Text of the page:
Wrath of the King (Tales of Dovewood: Book 2) by Anna B. Madrise

Wrath of the King (Tales of Dovewood #2)

Title: Wrath of the King

Author: Anna B. Madrise

Publisher: Black Quill Enterprises

Date of publication: July 11th, 2016

Genre: Fantasy, Children’s Fiction

Number of pages: 264

Series: Tales of Dovewood

The Hobgoblin Queen – Book 1 (review here)

Wrath of the King – Book 2

Black Magic Rising – Book 3 (expected publication year: 2018)

Curse of the Book Mage – Book 4 (expected publication year: 2019)

Standalone: No

Where you can find this book: Amazon

Goodreads synopsis:

The Hobgoblin Queen finds that time is stacked against her to master her newly acquired magic all while preparing for the impending war with New Taleggia. In a final plea to bring the Trow home to Boggleann she strikes a deal with those malevolent shadows hoping that her bargain does not cost her the very souls that she is trying to protect. King Vezzen, the supreme authority over all of New Taleggia and the town of Bettelburghal is bitter that his rule extends no further. Trapped on the island of Dovewood he is obsessed with claiming the rest of its land and tapping into the untold magical treasures that await him deep in the mountains of Boggleann; home of the goblin-demons which he plans to destroy. With a single Simulacrum ring in his possession and the knowledge of how to use it, King Vezzen decides the time has come to smite his enemies once and for all. Will Dovewood survive the wrath of the king or will a new era of evil overtake her?

My review:

Wrath of the King starts off shortly after Mundane falls through the pool into Boggleann, the Hobgoblins hidden city.  She is taking a tour of her new kingdom, revealing in the beauty of the Hobgoblin craftsmanship. As she walks, she is being watched by her new subjects, the Hobgoblins.

She sends out Scrape and Scratch to find Fickle. Fickle was one of the first Hobgoblins that she met and had helped her in her quest to get the gems to complete the Simulacrum necklace that she now wears. Fickle was captured at the end of The Hobgoblin Queen by the evil King Vezzen and is being held a prisoner in the dungeons under the castle. Unknown to Queen Umadenn (Mundane’s new name), his ring, which allows him to shapeshift, was cut off his finger and is in the hands of Lorcan, Javen’s brother and the Book Mage to King Vezzen, who is experimenting on it to see exactly what it does.

Back in the village of Whistlestoppe, life is going on as usual, except for one thing: the Kitchen Witches are aware of the Hobgoblins and are keeping them a secret from King Vezzen. Two of the Hobgoblins, Guile and Grouse, have stayed in Whistlestoppe and they help out around the village. But that peace will not hold because King Vezzen has turned his attention to the village and vows to eradicate the Kitchen Witches in his mad obsession for power.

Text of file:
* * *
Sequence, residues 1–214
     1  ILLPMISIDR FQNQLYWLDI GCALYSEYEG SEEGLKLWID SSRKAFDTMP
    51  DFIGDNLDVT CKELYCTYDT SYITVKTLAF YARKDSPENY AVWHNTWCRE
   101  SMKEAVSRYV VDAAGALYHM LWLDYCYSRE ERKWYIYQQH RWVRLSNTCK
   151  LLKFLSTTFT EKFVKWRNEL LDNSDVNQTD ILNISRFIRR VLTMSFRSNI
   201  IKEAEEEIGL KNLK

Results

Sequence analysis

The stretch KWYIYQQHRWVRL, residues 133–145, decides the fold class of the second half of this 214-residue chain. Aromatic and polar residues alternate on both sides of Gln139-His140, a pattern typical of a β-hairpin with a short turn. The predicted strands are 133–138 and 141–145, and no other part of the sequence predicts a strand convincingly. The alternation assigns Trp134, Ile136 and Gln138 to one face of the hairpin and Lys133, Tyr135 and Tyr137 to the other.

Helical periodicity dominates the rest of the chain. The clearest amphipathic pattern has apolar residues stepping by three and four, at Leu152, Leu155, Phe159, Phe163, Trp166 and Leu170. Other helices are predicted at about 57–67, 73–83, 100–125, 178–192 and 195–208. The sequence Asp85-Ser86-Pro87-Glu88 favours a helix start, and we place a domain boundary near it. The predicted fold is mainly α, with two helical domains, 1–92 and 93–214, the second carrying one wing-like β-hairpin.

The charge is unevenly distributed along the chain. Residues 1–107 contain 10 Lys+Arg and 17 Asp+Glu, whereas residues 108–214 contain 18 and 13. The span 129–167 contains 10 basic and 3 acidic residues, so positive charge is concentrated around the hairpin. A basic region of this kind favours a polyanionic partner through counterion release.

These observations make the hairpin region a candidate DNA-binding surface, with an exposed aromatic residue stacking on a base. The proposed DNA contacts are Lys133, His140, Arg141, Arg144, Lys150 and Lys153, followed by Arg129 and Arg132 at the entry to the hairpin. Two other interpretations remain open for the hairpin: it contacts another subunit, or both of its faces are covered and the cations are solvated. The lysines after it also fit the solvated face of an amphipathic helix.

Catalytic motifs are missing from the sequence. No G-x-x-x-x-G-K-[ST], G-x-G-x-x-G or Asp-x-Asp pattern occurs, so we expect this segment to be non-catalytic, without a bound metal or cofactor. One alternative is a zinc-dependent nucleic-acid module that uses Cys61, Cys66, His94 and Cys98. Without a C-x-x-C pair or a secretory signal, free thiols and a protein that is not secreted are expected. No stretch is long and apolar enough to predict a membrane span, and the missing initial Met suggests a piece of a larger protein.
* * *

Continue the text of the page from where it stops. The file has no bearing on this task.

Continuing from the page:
Queen Umadenn has learned to shapeshift (thank to her necklace) and she decides to go and visit the Trow, Hobgoblins who have been transformed into evil beings by anger. While visiting them, she promised that they could have King Vezzen if they agree to help her during the battle that Queen Umadenn knows will be coming. They agree and that is when she sees Fickle, who is half transformed. She goes to take him and the Trow try to attack her. She transformed into a spirit being, which fills the cave with light and frightens the Trow.

King Vezzen prepares for battle and the Hobgoblins and Queen Umadeen find help from unexpected sources. There are amazing battles and deaths before the book goes into its amazing climax.

Will King Vezzen win and get into Boggleann? Will Queen Umadeen be able to defeat him? What about the Kitchen Witches and Whistlestoppe? What will happen to them?


Normally when you get into a second book in a series, there is a lull and it falls a little flat. Not this book. It kept up with the speed and the momentum from the first book. It sucked me in and I love books like that. What I also liked that while this book was darker, it was still appropriate for tweens on up. Like I said in my earlier post, I would have my 11-year-old read it.

Queen Umadeen’s resolve to defeat King Vezzen was incredible. For her to go to the Trow and demand that they help her was a true sign of her inner strength. And to go to battle with him after what happened and not try to kill him right away, instead of waiting for the Trow, was another sign too.

I also liked that her friends accepted her for what she was. She thought, with the changes to her appearance, that her friends in Whistlestoppe would not like/accept her. Which made me want to cry.

I also got a little weepy eyed over the Fickle storyline. That poor Hobgoblin :(.

I was happy that I was proven wrong about Javen. He ended up being Queen Umadeen’s biggest supporter. He helped Whistlestoppe in a big way that they can never forget.

The end of the book was a little sad but explained a lot about certain things. Strike that, a lot sad. It ended on a cliffhanger…grrr. Since I am invested in this series, I am going to have to read the next book when it comes out.

How many stars will I give Wrath of the King? 4

Why: I thought that this was a great 2nd book in this series. There was no lag and the author kept up the pace from the first book. I did enjoy learning about the Trow and I also enjoyed reading Queen Umadeen’s experiences in shapeshifting.

Will I reread: Yes

Will I recommend to family and friends: Yes

Age range: Tween

Why: Mild violence. No language or sexual situations

**I received a free copy of this book and volunteered to review it**

Posted by

I love to read. My favorite genres women's fiction, romance (including erotica), psychological thrillers, fantasy, and young adult. I also enjoy steampunk, dystopian, LGBTQIA, and paranormal. I am also a busy mom of 3 kids.

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